FROM here, Jamie Soward could throw the ball over the crossbar.
We are sitting on the rock hard surface of the Richardson Evans Memorial Ground, training headquarters of the London Broncos, just over 20 metres out and to the right of the posts.
Of course, Penrith recruit Soward would not attempt to throw it over. Instead, he’d step back at right angles to the ball, extend his fingers like a sprinter, jog on the spot, and move in to strike the pigskin before replacing his headgear.
Squinting in the sunshine, he says one such goal attempt – missed – brought about the premature end of his St George Illawarra career.
“I guess I was disappointed I was dropped the week after I missed a penalty goal against Canterbury,” says the 28-year-old,
“Tough game, they’re a great team and we were in the game for only the last 10 minutes, really. So we didn’t really deserve to win.
“(But) It’s never one thing that breaks up a relationship.”
Soward was criticised for cutting his losses and not playing out the season with the Illawarra Cutters. The joint venture’s results since suggest he would have got another chance in first grade, where his long kicking game has been missed.
“I think that was a bit of loyalty from Dousty (chief executive Peter Doust),” the man himself says. ”He didn’t want to see me playing reserve grade for the rest of the year and having to answer questions week-in and week-out and I didn’t want to do that either.
“The results back home for the Dragons have probably stayed the same.
“Obviously the circumstances of a player signing for a rival club for the rest of the year is not ideal but in saying that, I’m a business, myself, and I need to look after my family going forward.
“Some people understood that. Some people weren’t happy with it. If I ask you the same question: if I give you security for the next four years, five years, are you going to take it or are you going to roll the dice?
“The relationship between myself and Dragons had been great while we had been winning. It was just a tough start to the year. All that sort of combined with me signing.”
The man with the Dragon tattoo – a 2010 premiership tattoo on an inside biceps – played off the bench a few hours after landing in London and endured a 70-0 Challenge Cup semi-final flogging at the hands of Wigan.
The Broncos play before tiny crowds – their entire season home attendance equals roughly one game at Suncorp Stadium by their Brisbane namesakes – and there is intense speculation their owner David Hughes will withdraw support and they won’t be in Super League next year.
“This experience has taught me about patience,” says Soward, about halfway through a wide-ranging chat conducted at the end of training.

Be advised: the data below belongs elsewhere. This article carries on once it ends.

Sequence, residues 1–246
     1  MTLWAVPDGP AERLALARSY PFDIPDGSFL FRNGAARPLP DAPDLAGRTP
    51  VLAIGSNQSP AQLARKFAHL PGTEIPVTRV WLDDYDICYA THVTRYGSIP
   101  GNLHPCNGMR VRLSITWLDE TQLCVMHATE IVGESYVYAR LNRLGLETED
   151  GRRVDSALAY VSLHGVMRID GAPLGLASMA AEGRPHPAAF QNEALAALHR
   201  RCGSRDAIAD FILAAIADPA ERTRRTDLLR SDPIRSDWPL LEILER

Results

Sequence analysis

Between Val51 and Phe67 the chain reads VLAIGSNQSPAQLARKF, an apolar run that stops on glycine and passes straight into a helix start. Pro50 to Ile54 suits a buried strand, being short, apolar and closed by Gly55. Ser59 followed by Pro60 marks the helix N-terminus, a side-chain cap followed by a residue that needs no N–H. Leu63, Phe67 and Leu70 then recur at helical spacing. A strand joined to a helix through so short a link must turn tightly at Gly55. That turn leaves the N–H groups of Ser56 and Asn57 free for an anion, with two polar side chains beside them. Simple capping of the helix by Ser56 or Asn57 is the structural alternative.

“Sometimes I guess I’ve said the wrong thing or it’s came out the wrong way. I’ve had to really sit back and take it all in whilst losing and I’m learning quickly because I’m only here for a short time.
“I feel a lot more relaxed than I was back home. I guess the fishbowl effect gets to you and slowly, I think – keeping an eye on the game back home – some of the media’s starting to understand that.
“It is 24-7, your job. You get paid well and we do understand we’re role models but we need to work together to grow our game. You need to work on your game and I need to work on my game.”
Soward is a magnet for criticism, perhaps because – as a general sports nut who wants to work in the media upon retirement – he is acutely aware of it and all too happy to engage his detractors.
When he quotes Wally Lewis on the subject of dealing with critics, those critics think he is comparing himself to the The King as a player.
Even in the Challenge Cup semi, there were reports of him jousting with fans, who chanted ‘taxi for Soward“
“It said that I spat at the crowd but I just turned around riled them up a little bit – just a little bit of fun,” he explains.
“I think most media people that sit down and talk to me one-on-one realise that I’m not the prickly guy that (I am when I) get 10 people in front of him, asking why we keep losing.
“I couldn’t understand their chants so the one I did understand, I just turned around and … taxi’s universal, isn’t it?
“Back home, there’s a lot more fans. Being at St George, you might go to a function and there’s 2000 fans who want to talk to you after you’ve played.
“Sometimes, I’ve probably not been in the mood and I haven’t wanted to talk to every single person but they keep the game going.
“I’m just human. I’m not in a good mood every day and I don’t say the right things every day. I’m seeing a lot more support for the players, especially since the new TV deal’s come in.
“The media want more access but they have to realise that we’ve got careers we’ve got to protect and if we’re getting bagged every day then it’s not going to help either of us, really.”
Soward says he speaks to some Dragons players daily and that he’s looking forward to learning the names of his new Penrith team-mates (“like the first day at school”), although in truth he probably already knows their weights, heights and nicknames.
He’s tried shutting footy culture out, he says, but it doesn’t work for him
“When I come up against the Dragons, I guess I’ll get booed. But what’s the difference? I get booed everywhere I go.
“I’m not a big head by any stretch. If I say it, I say it how it is. If I get booed, I get booed. I was happy they even knew who I was, over here. It’s all good fun, mate.
“I need to be more relaxed and the media probably need to take me less seriously.”
Filed for: SUN-HERALD